How Can You – as a Teen – Know you’re Depressed?

Adolescence is a difficult stage for teens. Peer pressure, stress from obtaining academic achievements, social acceptance, not to mention changing hormones all contribute to natural, changing behavior. This is a difficult time for teens, and a time when troubled teen behavior may potentially develop.

Yet, is there a difference between the common adolescent mood swings or hormone changes and teen depression? The answer is yes. More importantly, how can teens recognize the difference?

Parents may have the ability to more easily realize or “sense” an extreme shift in personalities or behavior patterns in their teen – maybe more so than the teens themselves. Yet, it’s important for the teen to fully understand the difference between common “highs and lows” and the sure signs of teen depression.

Understanding depression is pertinent to ensure a teen’s happiness and wellbeing. There’s nothing wrong with expressing emotions to parents, a health care provider or even teachers. In fact, it’s strongly encouraged if a teen senses that something is wrong.

There’s a plethora of online information and programs for teen depression, troubled teen services, and even online resources through various troubled teen residential programs to better understand teen depression. According to the Mayo Clinic, there are both behavioral and emotional changes and here are just a few symptoms of teen depression:

Behavioral Changes

  • Do you have feelings of sadness or sometimes experience crying spells for no reason?
  • Are you experiencing frustration or feelings of anger, even over small matters?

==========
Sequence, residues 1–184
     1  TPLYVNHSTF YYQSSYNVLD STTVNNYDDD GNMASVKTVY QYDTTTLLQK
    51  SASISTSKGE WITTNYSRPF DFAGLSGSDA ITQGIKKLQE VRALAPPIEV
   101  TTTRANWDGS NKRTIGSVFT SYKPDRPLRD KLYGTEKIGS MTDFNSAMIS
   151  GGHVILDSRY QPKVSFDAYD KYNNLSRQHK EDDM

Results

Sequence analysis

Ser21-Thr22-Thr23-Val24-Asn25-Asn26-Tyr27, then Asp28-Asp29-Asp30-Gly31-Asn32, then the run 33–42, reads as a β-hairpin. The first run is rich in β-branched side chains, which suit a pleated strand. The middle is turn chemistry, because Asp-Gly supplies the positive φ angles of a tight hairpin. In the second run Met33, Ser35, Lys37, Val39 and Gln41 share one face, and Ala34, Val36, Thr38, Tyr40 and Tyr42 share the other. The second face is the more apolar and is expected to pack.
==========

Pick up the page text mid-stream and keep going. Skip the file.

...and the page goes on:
• Do you often feel hopeless or empty?
  • Are activities no longer providing you with enjoyment?
  • Do you have feelings of worthlessness or guilt?
  • Are you experiencing a continuous sense that life or the future is dismal?
  • Do you have frequent thoughts of death, dying or suicide?

 

Emotional Changes

  • Are you constantly tired with a loss of energy, experience insomnia or sleep too much?
  •  Has your appetite decreased or losing weight? Or, do you have increased cravings for food and weight gain?
  • Are you using alcohol or drugs?
  • Is your performance in school declining or are there frequent absences from school?
  • Are you paying less attention to hygiene or personal appearance?
  • Do you have angry outbursts or similar acting-out behaviors?
  • Do you think about cutting or burning yourself?
  • Are you thinking about a suicide plan or a suicide attempt?

It can be difficult to recognize the difference between the common “ups and downs” and teen depression. Yet, if you – as a teen – think you might be depressed or know a friend that is, express your concerns to a parent, health care provider, a close friend, or someone else you trust to effectively rectify the situation much earlier, than later.

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